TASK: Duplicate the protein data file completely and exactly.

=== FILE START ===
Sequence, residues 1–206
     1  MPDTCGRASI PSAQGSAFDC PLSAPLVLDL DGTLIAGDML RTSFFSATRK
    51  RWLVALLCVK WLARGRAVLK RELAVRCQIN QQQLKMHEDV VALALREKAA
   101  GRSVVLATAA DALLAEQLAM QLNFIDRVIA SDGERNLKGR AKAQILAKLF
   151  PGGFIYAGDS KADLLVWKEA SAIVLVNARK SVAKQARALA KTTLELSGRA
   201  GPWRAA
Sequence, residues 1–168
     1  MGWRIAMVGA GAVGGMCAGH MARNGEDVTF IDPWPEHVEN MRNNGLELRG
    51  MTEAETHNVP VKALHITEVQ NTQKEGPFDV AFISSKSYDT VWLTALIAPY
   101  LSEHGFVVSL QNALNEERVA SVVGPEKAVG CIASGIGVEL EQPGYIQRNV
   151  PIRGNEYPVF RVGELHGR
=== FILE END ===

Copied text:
Sequence, residues 1–206
     1  MPDTCGRASI PSAQGSAFDC PLSAPLVLDL DGTLIAGDML RTSFFSATRK
    51  RWLVALLCVK WLARGRAVLK RELAVRCQIN QQQLKMHEDV VALALREKAA
   101  GRSVVLATAA DALLAEQLAM QLNFIDRVIA SDGERNLKGR AKAQILAKLF
   151  PGGFIYAGDS KADLLVWKEA SAIVLVNARK SVAKQARALA KTTLELSGRA
   201  GPWRAA
Sequence, residues 1–168
     1  MGWRIAMVGA GAVGGMCAGH MARNGEDVTF IDPWPEHVEN MRNNGLELRG
    51  MTEAETHNVP VKALHITEVQ NTQKEGPFDV AFISSKSYDT VWLTALIAPY
   101  LSEHGFVVSL QNALNEERVA SVVGPEKAVG CIASGIGVEL EQPGYIQRNV
   151  PIRGNEYPVF RVGELHGR